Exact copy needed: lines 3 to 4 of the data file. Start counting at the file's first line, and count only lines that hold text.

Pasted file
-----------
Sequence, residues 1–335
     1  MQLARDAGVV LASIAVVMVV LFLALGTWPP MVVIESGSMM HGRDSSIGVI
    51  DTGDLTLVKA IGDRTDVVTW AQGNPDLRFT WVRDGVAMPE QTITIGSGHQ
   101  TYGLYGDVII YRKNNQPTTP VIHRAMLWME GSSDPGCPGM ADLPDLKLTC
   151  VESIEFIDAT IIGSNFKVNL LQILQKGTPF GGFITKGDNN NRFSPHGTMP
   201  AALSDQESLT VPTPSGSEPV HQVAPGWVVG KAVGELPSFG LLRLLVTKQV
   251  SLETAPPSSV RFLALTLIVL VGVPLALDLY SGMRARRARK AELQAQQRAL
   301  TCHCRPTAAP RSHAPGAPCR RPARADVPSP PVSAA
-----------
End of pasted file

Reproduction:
    51  DTGDLTLVKA IGDRTDVVTW AQGNPDLRFT WVRDGVAMPE QTITIGSGHQ
   101  TYGLYGDVII YRKNNQPTTP VIHRAMLWME GSSDPGCPGM ADLPDLKLTC